Some big South Korean battery recycling companies have made strong stock market debuts as they aim to expand overseas amid a global run on electric vehicle metals.
Shares of SungEel HiTEch and rival Sebit Chem have more than tripled since listing in late July and early August, respectively. WCP, the country’s second-largest battery separator maker, is expected to go public at the end of this month with a listing of 432 billion won ($306 million).
Recycling companies in South Korea, home to three of the world’s top 10 battery manufacturers – LG Energy Solution, Samsung SDI and SK On – have easy access to waste from battery cell manufacturing and customers from buy the recycled material.
The companies are capitalizing on the efforts of battery players around the world to reduce their dependence on China and other difficult countries such as the Democratic Republic of Congo and Indonesia for key materials.
“Battery recycling is becoming increasingly important in terms of energy security as battery manufacturers want to reduce their reliance on China for securing key materials,” said Yoon Chang-bae, an analyst at KB Securities.
Recycling firms have become a rare bright spot for investors in South Korea’s falling stock market as automakers accelerate their transition to greener cars.
“Investors are betting on the growth potential of these ‘urban mines’ as metal prices rise again amid strong electric vehicle sales in China,” said SK Securities analyst Yoon Hyuk-jin.
Bids from SungEel and Sebit were oversubscribed, with their subscription rates topping those of LG Energy Solution, the world’s second-largest electric vehicle battery maker, which raised 12.8 billion won ($9.8 billion) during of the country’s largest IPO in January.
Founded in 2000, SungEel has developed its recycling expertise on a deluge of used portable electronic devices to become one of the world’s most advanced collectors and processors of old and defective lithium-ion batteries, which it now sources from the nation’s leading automakers and battery manufacturers.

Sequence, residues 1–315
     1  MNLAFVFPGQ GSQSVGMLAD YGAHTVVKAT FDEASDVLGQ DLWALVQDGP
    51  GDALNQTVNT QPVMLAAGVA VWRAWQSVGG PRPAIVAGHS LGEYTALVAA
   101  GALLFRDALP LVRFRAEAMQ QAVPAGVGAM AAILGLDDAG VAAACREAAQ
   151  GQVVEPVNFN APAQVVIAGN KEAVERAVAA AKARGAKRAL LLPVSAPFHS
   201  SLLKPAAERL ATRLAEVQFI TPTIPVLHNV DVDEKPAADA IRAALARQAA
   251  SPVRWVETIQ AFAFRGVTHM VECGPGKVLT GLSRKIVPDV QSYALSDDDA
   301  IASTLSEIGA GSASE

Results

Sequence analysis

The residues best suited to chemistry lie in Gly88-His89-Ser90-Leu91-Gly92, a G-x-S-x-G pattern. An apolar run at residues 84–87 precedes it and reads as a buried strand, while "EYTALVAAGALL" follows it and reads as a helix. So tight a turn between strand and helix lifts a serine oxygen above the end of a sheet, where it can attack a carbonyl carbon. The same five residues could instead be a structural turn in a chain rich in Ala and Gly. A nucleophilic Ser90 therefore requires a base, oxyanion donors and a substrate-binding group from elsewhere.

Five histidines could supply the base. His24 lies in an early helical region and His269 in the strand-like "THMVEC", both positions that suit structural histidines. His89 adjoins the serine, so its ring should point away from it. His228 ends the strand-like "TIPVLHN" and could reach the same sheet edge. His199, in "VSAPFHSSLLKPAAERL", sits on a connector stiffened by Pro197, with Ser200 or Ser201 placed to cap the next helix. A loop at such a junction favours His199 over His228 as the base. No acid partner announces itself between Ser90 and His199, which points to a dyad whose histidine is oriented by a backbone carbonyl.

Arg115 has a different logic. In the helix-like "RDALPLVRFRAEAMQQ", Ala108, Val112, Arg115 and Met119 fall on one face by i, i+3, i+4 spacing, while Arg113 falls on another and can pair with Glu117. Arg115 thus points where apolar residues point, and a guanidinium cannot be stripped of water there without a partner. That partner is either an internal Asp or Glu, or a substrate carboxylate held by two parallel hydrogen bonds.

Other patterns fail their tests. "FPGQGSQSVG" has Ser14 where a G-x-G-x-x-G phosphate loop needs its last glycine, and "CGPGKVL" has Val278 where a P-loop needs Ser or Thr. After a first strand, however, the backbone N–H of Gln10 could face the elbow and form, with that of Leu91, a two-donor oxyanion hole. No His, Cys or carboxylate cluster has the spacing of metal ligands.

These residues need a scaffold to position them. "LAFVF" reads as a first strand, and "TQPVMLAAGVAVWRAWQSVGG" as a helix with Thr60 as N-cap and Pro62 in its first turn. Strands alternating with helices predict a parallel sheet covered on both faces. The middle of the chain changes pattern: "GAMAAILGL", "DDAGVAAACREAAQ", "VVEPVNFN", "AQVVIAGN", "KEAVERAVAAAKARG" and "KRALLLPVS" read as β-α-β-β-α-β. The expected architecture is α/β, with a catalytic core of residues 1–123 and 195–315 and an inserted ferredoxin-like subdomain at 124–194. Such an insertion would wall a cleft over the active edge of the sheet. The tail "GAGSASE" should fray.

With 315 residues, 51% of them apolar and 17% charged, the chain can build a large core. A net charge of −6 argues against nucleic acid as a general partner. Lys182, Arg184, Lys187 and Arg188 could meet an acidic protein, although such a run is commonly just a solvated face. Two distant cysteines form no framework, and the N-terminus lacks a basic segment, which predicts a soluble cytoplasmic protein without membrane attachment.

The company plans to triple its capacity by 2024 using proceeds from its IPO. It already has nine recycling plants around the world – three in South Korea and the others in China, India, Malaysia and Eastern Europe.
“The demand for battery recycling is increasing rapidly as [environmental, social and governance] becomes more important,” said a SungEel executive. “We need to build a new factory this year to meet the growing demand.”
Recycling batteries can alleviate potential supply shortages and reduce the prices of critical metals such as nickel, cobalt, copper and lithium by reintroducing them into the battery supply chain, reducing reliance on materials raw materials from the mines. Waste for recycling may come from the production of end-of-life cells and batteries.
SNE Research predicts that the global electric vehicle battery recycling market, which was estimated at just 400 billion won ($300 million) in 2020, is expected to reach 21 billion won in 2030.
This expected growth is supported by the introduction by the EU and the United States of powerful legislative tools to strengthen recycling to guarantee the supply of strategic minerals, as national mining projects stumble over permits.
Korean battery makers are positioning themselves to take advantage of incentives contained in US President Joe Biden’s flagship economic package, known as the Curbing Inflation Act, for local automakers to decouple from supply chains Chinese.
Under the law, automakers receive electric vehicle tax credits if a certain threshold of materials comes from the United States, free trade partners, or recycling. Electric vehicles containing minerals and components from foreign entities of concern will no longer be eligible for these credits from 2025.
In July, SK On launched a $7.8 billion joint venture with Ford to build three battery factories in the United States. In May, Hyundai announced a $5.5 billion investment to build its first dedicated electric vehicle plant and a battery manufacturing plant in the US state of Georgia, while LG Energy Solution and GM announced an investment of $2.6 billion earlier this year to build a third factory as part of their joint venture in Michigan.
Analysts expect Korean battery recyclers to gradually expand their overseas presence to get closer to battery makers building factories in the west.
“Interest in recycling companies has increased as investors worry about battery metal supplies since the IRA passed,” said SK Securities’ Yoon.
Korean recycling companies are competing with nascent Western rivals such as Glencore-backed Li-Cycle, Redwood Materials, which was set up by former Tesla technical director JB Straubel, and Australia’s Neometals as they expand their presence abroad.
Hans Eric Melin, managing director of Circular Energy Storage, a consultancy, said the Koreans’ success lies in their close relationships with battery cell makers and their aggressive sourcing activities for waste to be recycled.
SeungEel and Sebit are undervalued compared to newcomers to Western battery recycling, Melin said.
Glencore-backed Li-Cycle has a market cap of over $1 billion, but posted an Ebitda loss of $23 million in the third quarter as it expands, compared to the market cap of SungEel of $1.2 billion on operating profit of 16.9 billion won in 2021.
“We totally missed the fact that a lot of material has long been mostly processed in other countries, mostly Korea and China,” he said. “All Americans and Europeans are far behind because SeungEel has been processing batteries for recycling for over 10 years.”